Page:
So why do we bring this up?

This week saw the popular podcast series Freakonomics re-upload their podcast episode: Jane Austen, Game Theorist. It originally came out in 2013, but we’d forgotten just what an interesting listen it is and thought that you might also appreciate revisiting it. Both for its analysis of Jane’s novels, and also for its pertinent thoughts on game theory in our modern lives.


Performing An Unfinished Austen

Jane Austen wrote six completed novels, but she also wrote two incomplete novels. One is Sanditon, the other, begun while Jane Austen was living in Bath but never completed, is called The Watsons. Austen wrote just under 18,000 words of the story before she stopped. In those 18,000 words the beginnings of a complex story are laid down. However, after the five brief chapters which encompass the whole of the text the novel comes to an abrupt halt. That hasn’t stopped playwright Laura Wade from creating a stage adaptation of The Watsons though.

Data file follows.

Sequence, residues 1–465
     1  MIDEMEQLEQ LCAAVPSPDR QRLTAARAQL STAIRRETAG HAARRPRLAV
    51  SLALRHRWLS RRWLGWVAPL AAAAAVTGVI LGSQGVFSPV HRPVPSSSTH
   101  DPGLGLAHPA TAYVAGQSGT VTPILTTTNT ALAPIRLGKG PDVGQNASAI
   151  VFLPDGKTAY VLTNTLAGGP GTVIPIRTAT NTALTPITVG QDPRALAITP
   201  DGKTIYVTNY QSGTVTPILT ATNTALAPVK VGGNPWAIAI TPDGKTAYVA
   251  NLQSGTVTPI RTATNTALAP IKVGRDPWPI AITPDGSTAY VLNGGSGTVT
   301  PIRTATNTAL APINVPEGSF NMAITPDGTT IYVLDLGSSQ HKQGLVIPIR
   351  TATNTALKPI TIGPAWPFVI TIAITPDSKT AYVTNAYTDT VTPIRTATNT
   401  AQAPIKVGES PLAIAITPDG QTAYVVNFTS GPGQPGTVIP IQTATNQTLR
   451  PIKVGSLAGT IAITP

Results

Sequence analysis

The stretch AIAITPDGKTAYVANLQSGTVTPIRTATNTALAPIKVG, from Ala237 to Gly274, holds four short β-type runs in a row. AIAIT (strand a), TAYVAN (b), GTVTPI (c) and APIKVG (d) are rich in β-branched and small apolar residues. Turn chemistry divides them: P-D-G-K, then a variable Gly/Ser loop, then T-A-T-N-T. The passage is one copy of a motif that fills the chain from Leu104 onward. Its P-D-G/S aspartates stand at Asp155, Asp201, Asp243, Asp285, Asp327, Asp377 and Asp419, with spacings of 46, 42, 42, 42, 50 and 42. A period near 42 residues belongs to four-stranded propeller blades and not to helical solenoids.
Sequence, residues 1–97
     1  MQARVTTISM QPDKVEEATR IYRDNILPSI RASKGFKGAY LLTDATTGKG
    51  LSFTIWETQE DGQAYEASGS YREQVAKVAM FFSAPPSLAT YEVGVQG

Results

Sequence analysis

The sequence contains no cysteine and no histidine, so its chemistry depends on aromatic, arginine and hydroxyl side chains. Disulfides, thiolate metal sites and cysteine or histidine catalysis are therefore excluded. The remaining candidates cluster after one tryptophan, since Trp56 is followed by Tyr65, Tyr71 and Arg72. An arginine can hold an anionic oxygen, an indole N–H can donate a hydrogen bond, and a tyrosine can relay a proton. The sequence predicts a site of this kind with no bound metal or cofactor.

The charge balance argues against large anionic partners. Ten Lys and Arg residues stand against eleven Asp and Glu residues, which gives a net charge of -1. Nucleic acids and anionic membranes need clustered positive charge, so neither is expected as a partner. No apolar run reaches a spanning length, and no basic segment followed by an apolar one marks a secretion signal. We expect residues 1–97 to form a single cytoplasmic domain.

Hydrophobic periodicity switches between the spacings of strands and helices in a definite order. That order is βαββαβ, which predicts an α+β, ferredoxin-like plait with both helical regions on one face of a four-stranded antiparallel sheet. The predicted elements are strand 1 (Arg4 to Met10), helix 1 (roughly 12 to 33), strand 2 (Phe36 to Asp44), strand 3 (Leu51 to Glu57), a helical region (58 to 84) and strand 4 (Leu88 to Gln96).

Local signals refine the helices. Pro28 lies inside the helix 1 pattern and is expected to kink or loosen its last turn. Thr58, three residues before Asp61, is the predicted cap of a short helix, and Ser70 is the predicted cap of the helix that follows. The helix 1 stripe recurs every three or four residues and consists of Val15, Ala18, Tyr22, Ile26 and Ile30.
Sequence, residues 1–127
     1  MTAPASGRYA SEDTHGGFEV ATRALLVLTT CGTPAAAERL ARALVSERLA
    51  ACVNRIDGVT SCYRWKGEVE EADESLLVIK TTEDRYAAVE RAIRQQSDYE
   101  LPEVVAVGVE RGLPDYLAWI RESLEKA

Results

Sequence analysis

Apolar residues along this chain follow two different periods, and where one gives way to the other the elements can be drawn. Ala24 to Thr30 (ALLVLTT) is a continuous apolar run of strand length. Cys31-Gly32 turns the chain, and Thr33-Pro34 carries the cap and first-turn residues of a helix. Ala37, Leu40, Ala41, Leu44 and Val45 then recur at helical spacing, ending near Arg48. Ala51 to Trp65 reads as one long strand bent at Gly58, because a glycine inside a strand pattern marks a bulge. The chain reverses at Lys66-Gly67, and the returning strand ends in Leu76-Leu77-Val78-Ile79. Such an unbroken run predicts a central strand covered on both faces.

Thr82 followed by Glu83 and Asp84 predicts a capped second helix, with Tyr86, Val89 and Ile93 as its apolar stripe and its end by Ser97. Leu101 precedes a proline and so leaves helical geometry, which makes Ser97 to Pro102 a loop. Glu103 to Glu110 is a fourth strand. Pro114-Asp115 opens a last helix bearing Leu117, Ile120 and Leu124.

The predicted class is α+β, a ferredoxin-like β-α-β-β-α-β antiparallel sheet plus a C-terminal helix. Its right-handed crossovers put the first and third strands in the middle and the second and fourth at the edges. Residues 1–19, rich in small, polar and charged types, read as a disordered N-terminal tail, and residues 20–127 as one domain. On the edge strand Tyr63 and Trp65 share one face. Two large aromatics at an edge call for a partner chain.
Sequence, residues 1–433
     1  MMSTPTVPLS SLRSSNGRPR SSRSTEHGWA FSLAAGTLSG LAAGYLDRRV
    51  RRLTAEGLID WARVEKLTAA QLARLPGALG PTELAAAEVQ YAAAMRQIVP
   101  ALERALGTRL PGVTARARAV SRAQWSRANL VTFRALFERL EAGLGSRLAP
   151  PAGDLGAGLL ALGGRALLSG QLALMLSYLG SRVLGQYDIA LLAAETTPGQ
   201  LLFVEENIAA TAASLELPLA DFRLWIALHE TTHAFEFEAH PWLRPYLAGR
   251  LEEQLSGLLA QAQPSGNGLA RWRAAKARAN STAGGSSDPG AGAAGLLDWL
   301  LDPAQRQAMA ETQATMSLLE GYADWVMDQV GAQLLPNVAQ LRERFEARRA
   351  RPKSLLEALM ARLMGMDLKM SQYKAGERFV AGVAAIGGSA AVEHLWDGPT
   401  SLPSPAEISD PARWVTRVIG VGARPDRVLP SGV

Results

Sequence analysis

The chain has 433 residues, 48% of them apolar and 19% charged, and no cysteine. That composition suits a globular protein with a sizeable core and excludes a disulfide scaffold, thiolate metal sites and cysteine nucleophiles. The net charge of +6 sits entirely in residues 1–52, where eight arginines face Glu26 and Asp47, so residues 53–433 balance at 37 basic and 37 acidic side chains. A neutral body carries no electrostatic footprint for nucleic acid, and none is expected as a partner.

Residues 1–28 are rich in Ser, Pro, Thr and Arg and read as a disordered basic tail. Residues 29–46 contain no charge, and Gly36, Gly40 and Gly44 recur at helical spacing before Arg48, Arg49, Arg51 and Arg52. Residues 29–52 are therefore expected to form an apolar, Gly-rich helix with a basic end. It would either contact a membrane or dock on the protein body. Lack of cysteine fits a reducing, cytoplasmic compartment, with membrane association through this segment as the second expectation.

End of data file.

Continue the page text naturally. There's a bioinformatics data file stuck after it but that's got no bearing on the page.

The play follows nineteen-year-old Emma Watson as she searches for a suitor. She’s been cut off by her rich aunt and has had to return to the family home. Emma and her sisters must marry, fast. If not, they face poverty, spinsterhood, or worse; an eternity with their boorish brother and his awful wife. (Sound familiar? It’s quite close to circumstances which Jane and Cassandra Austen were facing in their own lives after the death of their father).

Luckily for Emma, there are plenty of potential suitors to dance with, from flirtatious Tom Musgrave to castle-owning Lord Osborne, who’s as awkward as he is rich.

But there’s a problem: Jane Austen didn’t finish the story. So who, asks Laura, will write Emma’s happy ending now?

Based on the incomplete novel, this adaptation of The Watsons looks under the bonnet of Jane Austen and asks: what can characters do when their author abandons them?